Speakers: Technology education will serve TTA students wellWritten by Sarah Ottney | Editor in Chief | firstname.lastname@example.org
Representatives from Chrysler Jeep and the U.S. Navy submarine USS Toledo recently visited Toledo Technology Academy (TTA) to talk to students about the value of technical skills in the workforce.
Speakers on May 2 included Sam Geiger, commanding officer of the USS Toledo; Hank Boyd, educational and training facilitator for Chrysler Jeep; and Bob Geiner, weld engineer at the Chrysler Jeep Toledo Assembly Complex.
Geiger, a 22-year veteran of the Navy, has been commander of the USS Toledo for two years. The sub, based in Groton, Conn., was undergoing routine maintenance, giving Geiger and six crew members time to visit Toledo. The crew also visited The Maritime Academy of Toledo and appeared at a Toledo Mud Hens game.
Geiger told students he was impressed with the technology-based education they were getting at TTA, which will help them succeed in engineering, design, manufacturing or operation careers in the military or as civilians.
“For us, technology is absolutely key,” Geiger said.
Since no one can predict exactly what the “next big thing” will be, the best way to prepare is to make for the future is to make yourself adaptable to whatever new technology comes along, Geiger told the students.
“The best skill is not a specific one, but the ability to educate yourself so you are adaptable,” Geiger said. “I can’t tell you what the next latest and greatest is going to be 10 years from now, other than to say build a good foundation on your education that will keep yourself adaptable to whatever comes your way.”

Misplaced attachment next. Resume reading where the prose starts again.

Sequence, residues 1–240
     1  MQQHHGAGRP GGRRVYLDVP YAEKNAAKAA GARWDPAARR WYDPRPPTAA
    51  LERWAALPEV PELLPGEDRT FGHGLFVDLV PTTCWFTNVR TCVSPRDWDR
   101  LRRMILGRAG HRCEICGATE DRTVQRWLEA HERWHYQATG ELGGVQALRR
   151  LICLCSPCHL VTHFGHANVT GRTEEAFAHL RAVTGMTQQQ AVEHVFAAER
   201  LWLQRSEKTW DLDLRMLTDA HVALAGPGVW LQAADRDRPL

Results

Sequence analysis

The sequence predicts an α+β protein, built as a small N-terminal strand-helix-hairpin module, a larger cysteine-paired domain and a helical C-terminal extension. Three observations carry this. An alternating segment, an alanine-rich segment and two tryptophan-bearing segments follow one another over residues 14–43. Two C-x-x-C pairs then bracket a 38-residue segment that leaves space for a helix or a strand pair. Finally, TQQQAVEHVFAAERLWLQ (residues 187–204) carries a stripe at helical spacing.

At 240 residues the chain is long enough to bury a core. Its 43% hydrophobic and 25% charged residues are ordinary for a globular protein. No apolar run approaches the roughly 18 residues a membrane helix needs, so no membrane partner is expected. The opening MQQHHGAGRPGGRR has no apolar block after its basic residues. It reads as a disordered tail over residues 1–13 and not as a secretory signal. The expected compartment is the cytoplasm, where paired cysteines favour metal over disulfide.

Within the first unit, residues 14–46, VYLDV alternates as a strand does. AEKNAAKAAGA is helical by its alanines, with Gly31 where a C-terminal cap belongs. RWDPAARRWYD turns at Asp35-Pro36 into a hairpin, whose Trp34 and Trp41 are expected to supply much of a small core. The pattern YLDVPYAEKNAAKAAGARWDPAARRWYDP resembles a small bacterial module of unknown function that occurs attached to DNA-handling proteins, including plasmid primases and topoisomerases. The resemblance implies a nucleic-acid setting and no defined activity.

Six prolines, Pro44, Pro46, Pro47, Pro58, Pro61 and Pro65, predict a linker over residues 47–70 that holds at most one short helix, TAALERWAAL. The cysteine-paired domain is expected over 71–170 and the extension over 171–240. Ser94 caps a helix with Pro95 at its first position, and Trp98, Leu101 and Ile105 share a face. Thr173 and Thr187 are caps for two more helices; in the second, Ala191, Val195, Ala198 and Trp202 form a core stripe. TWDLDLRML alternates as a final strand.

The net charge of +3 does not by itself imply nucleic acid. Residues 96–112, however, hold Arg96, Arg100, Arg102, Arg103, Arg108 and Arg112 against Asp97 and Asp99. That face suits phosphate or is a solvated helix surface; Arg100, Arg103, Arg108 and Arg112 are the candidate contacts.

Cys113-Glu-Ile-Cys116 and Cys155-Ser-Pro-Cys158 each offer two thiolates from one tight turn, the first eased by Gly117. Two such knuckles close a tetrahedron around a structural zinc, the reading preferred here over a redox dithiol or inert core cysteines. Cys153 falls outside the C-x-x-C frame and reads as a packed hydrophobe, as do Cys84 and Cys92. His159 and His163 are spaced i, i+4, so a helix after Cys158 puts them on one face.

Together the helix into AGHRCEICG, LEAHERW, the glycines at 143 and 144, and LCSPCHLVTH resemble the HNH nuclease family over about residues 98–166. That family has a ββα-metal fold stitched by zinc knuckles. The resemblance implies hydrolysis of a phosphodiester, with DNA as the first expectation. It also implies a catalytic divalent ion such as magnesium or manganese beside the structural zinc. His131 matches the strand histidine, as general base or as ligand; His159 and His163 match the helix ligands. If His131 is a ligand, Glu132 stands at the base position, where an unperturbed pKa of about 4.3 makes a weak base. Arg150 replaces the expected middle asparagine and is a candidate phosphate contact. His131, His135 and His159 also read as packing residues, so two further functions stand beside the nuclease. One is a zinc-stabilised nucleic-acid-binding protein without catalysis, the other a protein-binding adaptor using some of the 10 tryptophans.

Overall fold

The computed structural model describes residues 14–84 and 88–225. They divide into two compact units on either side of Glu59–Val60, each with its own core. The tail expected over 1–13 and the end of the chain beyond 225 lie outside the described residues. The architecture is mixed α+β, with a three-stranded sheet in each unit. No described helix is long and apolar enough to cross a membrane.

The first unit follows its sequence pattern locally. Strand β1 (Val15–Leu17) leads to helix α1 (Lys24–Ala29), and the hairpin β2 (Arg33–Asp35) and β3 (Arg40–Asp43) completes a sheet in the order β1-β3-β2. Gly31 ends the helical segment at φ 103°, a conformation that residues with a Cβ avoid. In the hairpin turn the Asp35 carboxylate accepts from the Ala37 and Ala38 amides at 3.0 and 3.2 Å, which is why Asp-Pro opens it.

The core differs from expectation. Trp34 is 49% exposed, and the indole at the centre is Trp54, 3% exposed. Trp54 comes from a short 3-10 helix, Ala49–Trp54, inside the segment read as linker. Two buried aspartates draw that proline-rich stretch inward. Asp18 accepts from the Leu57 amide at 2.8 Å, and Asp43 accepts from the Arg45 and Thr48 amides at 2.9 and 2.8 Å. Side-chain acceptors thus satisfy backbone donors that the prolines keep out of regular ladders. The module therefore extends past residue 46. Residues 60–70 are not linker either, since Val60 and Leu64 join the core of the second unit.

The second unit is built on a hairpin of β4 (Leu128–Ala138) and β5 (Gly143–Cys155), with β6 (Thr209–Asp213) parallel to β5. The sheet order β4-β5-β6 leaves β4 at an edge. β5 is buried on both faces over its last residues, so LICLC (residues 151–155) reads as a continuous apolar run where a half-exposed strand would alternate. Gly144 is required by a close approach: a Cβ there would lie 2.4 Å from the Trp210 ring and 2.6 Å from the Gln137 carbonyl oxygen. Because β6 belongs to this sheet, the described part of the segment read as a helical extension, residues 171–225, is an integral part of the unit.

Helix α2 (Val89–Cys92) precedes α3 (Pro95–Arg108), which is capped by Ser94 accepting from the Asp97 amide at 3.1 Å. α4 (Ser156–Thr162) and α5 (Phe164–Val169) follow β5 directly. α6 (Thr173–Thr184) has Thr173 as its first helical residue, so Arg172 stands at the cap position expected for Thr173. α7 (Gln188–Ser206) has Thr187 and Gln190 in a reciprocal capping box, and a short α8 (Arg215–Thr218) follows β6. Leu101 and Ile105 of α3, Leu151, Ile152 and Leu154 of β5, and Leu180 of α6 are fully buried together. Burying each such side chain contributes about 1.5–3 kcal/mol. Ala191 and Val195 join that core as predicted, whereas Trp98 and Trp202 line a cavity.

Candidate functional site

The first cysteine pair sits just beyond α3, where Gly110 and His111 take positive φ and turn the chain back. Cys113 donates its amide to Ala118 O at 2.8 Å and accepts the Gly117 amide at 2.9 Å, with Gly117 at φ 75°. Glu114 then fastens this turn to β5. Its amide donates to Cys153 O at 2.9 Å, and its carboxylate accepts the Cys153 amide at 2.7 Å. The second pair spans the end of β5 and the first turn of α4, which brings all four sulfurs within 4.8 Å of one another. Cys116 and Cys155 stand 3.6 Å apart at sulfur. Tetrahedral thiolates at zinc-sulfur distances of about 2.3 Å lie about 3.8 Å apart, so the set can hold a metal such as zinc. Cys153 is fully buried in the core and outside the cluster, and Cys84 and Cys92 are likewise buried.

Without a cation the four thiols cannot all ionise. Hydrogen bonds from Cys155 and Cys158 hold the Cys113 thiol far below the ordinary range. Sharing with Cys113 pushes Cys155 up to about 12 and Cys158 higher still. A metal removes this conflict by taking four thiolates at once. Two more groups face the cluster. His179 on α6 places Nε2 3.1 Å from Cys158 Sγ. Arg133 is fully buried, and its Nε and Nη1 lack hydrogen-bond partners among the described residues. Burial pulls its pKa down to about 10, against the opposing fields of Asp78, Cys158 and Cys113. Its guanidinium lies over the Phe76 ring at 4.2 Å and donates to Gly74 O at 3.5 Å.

Geiger fielded many questions about daily life on the ship, such as what sailors do in their free time (movies or Xbox), how they shower (salt water is converted to fresh water on board), how they do laundry (only one washer and dryer for 140 crew members), what they do with trash (save plastic to recycle; compact the rest and dump it), how often they have to surface (only every few months for food; air, water and electricity are made on board) and if there are female sailors stationed on subs (only on the largest class of subs, which have space for separate facilities).
He also told the students he couldn’t talk specifics of the missions USS Toledo undertakes, but that he loved his job.
“Ninety-five percent of what we do is classified and I can’t talk about it, but it’s great,” Geiger said. “It’s adventurous, it’s risky, it’s the kind of stuff you read in spy novels and movies that you watch. It’s a thrilling job.”
The two Chrysler Jeep employees also emphasized that people with technical backgrounds will be in demand and ahead of the curve when entering the workforce.
“The way the world is now in the manufacturing world, we cannot do business the way we have in the past,” Boyd said.
Boyd, who graduated from DeVilbiss High School, the building that now houses TTA, said he came to Chrysler out of high school and later went on to earn a bachelor’s and a master’s degree.
Boyd’s main job is “to help change the mindset of employees,” encouraging them to update their skills through further training or schooling.
“It joys my heart to be here because usually I have to pump somebody up or convince somebody to go that route and get the training they need to be able to do what we need,” Boyd said. “I don’t have to pump you up. I think a lot of your lights have already come on. I think you’re going to walk into a lot of rooms, a lot of companies and brighten that place up.
“With the experience you are obtaining here, you will be such a value-added asset to our company and if you ever decide to go that route you will be at an upper level to some that come through the door,” Boyd said.